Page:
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# Is y = 7?

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Re: Is y = 7? [#permalink]
Sorry I noted down the question wrong first time so a new attempt

Is y = 7?

(1) (x - 3) = 0
(2) (x - 3)(y - 7) = 0

1) Not Sufficient as it onky gives x = 3 no value for y
2) we get x=3 and y=7
So Answer must be B as we get y=7
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Re: Is y = 7? [#permalink]
Is y = 7?

(1) (x - 3) = 0
(2) (x - 3)(y - 7) = 0

Only statement 2, gives the exact value of y, hence Answer is B.
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Re: Is y = 7? [#permalink]
bigdady wrote:
Is y = 7?

(1) (x - 3) = 0
(2) (x - 3)(y - 7) = 0

Only statement 2, gives the exact value of y, hence Answer is B.

ans is E, although i also think it should be B. Can't seem to figure that out.
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Re: Is y = 7? [#permalink]
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tallyho_88 wrote:
bigdady wrote:
Is y = 7?

(1) (x - 3) = 0
(2) (x - 3)(y - 7) = 0

Only statement 2, gives the exact value of y, hence Answer is B.

ans is E, although i also think it should be B. Can't seem to figure that out.

E is the correct answer for this question.

Whenever you are given (x-a)(x-b)=0---> you can have the following 3 cases:

1. x-a = 0 and x-b $$\neq$$ 0
2. x-b = 0 and x-a $$\neq$$ 0
3. x-a = 0 and x-b = 0.

Thus, from (x - 3)(y - 7) = 0 you know that the following 3 cases are possible:

1. x-3 =0 and y-7 $$\neq$$ 0
2. x-3 $$\neq$$ 0 and y-7 = 0
3. x-3 = 0 and y-7 = 0.

Case 1 gives you a NO for the question asked, is y= 7 and cases 2 and 3 give you a YES for the question asked.

Thus, you get 2 different answers for the question asked. This statement, hence, is NOT sufficient.

Even when you combine the 2 statements, you eliminate case 2 above but cases 1 and 3 still stand. E is thus the correct answer.

Hope this helps.
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Re: Is y = 7? [#permalink]
Engr2012 wrote:
tallyho_88 wrote:
bigdady wrote:
Is y = 7?

(1) (x - 3) = 0
(2) (x - 3)(y - 7) = 0

Only statement 2, gives the exact value of y, hence Answer is B.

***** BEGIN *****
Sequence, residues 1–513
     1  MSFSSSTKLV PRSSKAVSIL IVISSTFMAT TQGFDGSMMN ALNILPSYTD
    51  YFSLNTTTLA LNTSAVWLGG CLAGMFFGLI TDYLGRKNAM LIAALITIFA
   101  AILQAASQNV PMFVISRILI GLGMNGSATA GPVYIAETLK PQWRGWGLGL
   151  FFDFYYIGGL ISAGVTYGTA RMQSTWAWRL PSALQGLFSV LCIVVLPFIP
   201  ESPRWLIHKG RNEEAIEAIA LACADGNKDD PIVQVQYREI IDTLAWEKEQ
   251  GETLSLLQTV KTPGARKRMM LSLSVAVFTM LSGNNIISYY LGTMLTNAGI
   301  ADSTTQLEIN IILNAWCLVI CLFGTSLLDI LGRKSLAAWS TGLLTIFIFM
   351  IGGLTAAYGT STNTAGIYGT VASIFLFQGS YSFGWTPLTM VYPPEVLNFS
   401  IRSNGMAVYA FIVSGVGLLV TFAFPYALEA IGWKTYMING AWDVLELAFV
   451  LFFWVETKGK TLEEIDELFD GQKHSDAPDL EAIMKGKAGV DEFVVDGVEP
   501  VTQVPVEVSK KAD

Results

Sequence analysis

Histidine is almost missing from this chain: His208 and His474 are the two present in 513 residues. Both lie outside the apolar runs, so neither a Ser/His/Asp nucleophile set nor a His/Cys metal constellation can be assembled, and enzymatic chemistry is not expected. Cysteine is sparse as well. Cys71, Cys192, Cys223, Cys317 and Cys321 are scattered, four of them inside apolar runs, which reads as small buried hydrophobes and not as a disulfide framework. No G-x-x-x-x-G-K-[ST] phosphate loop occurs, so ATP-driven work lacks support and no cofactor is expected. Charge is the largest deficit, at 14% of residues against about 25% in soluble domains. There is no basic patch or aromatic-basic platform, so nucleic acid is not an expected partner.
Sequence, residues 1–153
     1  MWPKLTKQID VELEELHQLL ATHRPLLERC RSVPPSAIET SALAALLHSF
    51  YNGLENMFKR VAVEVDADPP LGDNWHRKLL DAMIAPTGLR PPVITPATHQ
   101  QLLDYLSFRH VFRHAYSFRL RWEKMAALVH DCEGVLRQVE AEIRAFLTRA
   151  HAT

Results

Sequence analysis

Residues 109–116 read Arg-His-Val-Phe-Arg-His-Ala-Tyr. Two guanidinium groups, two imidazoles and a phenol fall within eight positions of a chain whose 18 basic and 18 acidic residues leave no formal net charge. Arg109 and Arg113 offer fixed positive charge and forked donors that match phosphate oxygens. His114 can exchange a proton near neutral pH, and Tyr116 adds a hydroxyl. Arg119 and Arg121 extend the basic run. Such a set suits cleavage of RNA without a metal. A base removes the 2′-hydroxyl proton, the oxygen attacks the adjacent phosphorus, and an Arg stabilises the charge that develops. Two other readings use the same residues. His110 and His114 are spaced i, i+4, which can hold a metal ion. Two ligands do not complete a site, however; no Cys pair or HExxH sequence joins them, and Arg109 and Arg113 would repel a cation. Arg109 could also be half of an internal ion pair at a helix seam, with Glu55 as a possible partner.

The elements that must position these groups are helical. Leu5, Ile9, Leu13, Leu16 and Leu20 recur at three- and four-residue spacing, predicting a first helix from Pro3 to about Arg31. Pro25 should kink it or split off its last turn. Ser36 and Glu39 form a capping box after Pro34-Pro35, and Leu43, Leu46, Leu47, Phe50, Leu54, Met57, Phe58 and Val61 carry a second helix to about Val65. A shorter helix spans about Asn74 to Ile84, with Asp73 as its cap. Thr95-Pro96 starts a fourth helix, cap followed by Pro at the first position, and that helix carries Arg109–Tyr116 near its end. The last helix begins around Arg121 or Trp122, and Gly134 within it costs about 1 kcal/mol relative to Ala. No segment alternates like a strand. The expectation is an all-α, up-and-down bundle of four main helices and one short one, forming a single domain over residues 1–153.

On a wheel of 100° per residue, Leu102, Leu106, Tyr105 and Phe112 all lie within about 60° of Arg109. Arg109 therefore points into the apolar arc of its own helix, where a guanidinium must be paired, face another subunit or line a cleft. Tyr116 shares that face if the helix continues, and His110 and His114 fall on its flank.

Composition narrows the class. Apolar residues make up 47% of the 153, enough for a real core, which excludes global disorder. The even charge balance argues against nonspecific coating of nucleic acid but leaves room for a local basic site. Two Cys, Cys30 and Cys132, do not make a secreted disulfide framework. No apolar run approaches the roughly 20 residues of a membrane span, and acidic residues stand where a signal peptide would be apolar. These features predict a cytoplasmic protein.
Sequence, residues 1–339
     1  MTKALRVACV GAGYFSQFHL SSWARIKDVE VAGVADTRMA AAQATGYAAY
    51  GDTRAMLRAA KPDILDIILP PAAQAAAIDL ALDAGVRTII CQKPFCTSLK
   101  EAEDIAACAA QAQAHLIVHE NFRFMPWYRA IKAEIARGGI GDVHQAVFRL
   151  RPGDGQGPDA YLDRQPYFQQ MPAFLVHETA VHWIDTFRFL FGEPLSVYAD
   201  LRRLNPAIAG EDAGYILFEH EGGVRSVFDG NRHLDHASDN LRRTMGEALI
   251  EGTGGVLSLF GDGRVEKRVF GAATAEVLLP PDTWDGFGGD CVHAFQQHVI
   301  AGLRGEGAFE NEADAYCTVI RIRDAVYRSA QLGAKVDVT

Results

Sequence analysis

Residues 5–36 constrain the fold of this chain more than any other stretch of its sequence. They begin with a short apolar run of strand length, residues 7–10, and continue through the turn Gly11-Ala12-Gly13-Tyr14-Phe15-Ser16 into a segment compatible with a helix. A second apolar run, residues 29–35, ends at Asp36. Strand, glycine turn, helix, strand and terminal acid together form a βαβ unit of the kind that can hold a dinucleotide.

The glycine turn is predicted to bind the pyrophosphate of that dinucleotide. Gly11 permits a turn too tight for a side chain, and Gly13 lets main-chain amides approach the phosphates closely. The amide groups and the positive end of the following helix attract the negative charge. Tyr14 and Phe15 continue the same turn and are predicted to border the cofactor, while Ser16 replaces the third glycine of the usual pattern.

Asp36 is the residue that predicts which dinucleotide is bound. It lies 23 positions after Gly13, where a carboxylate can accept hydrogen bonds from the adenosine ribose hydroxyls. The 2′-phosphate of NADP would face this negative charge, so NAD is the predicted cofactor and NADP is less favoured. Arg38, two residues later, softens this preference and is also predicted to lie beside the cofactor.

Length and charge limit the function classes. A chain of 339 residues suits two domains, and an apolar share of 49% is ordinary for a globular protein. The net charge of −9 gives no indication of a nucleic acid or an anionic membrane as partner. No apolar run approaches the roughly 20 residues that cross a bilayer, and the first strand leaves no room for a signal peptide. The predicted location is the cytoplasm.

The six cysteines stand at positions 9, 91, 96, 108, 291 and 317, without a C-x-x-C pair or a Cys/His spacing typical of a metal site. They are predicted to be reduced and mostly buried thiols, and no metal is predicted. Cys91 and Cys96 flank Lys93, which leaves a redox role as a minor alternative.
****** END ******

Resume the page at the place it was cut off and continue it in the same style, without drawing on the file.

ans is E, although i also think it should be B. Can't seem to figure that out.

E is the correct answer for this question.

Whenever you are given (x-a)(x-b)=0---> you can have the following 3 cases:

1. x-a = 0 and x-b $$\neq$$ 0
2. x-b = 0 and x-a $$\neq$$ 0
3. x-a = 0 and x-b = 0.

Thus, from (x - 3)(y - 7) = 0 you know that the following 3 cases are possible:

1. x-3 =0 and y-7 $$\neq$$ 0
2. x-3 $$\neq$$ 0 and y-7 = 0
3. x-3 = 0 and y-7 = 0.

Case 1 gives you a NO for the question asked, is y= 7 and cases 2 and 3 give you a YES for the question asked.

Thus, you get 2 different answers for the question asked. This statement, hence, is NOT sufficient.

Even when you combine the 2 statements, you eliminate case 2 above but cases 1 and 3 still stand. E is thus the correct answer.

Hope this helps.

Im sorry but I am unable to understand your answer. Why is that for every quadratic root, if one is equal to 0, the other is not equal to 0? I thought every quadratic had two roots thus two factors and that would be it. Could you please explain further?

Thank you.
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Re: Is y = 7? [#permalink]
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abypatra wrote:
Engr2012 wrote:
tallyho_88 wrote:

ans is E, although i also think it should be B. Can't seem to figure that out.

E is the correct answer for this question.

Whenever you are given (x-a)(x-b)=0---> you can have the following 3 cases:

1. x-a = 0 and x-b $$\neq$$ 0
2. x-b = 0 and x-a $$\neq$$ 0
3. x-a = 0 and x-b = 0.

Thus, from (x - 3)(y - 7) = 0 you know that the following 3 cases are possible:

1. x-3 =0 and y-7 $$\neq$$ 0
2. x-3 $$\neq$$ 0 and y-7 = 0
3. x-3 = 0 and y-7 = 0.

Case 1 gives you a NO for the question asked, is y= 7 and cases 2 and 3 give you a YES for the question asked.

Thus, you get 2 different answers for the question asked. This statement, hence, is NOT sufficient.

Even when you combine the 2 statements, you eliminate case 2 above but cases 1 and 3 still stand. E is thus the correct answer.

Hope this helps.

Im sorry but I am unable to understand your answer. Why is that for every quadratic root, if one is equal to 0, the other is not equal to 0? I thought every quadratic had two roots thus two factors and that would be it. Could you please explain further?

Thank you.

Yes every quadratic equation has TWO roots.

so if (x-a)(x-b) = 0..
when can that be possible..
1)when x=a, this means one root is a, other can be anything, which can not be ascertained with the given info..
2)when x=b, this means one root is b, other can be anything, which can not be ascertained with the given info....
3)OR when BOTH x=b=0, here the roots are a and b
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Re: Is y = 7? [#permalink]
chetan2u wrote:
abypatra wrote:
Engr2012 wrote:
ans is E, although i also think it should be B. Can't seem to figure that out.

E is the correct answer for this question.

Whenever you are given (x-a)(x-b)=0---> you can have the following 3 cases:

1. x-a = 0 and x-b $$\neq$$ 0
2. x-b = 0 and x-a $$\neq$$ 0
3. x-a = 0 and x-b = 0.

Thus, from (x - 3)(y - 7) = 0 you know that the following 3 cases are possible:

1. x-3 =0 and y-7 $$\neq$$ 0
2. x-3 $$\neq$$ 0 and y-7 = 0
3. x-3 = 0 and y-7 = 0.

Case 1 gives you a NO for the question asked, is y= 7 and cases 2 and 3 give you a YES for the question asked.

Thus, you get 2 different answers for the question asked. This statement, hence, is NOT sufficient.

Even when you combine the 2 statements, you eliminate case 2 above but cases 1 and 3 still stand. E is thus the correct answer.

Hope this helps.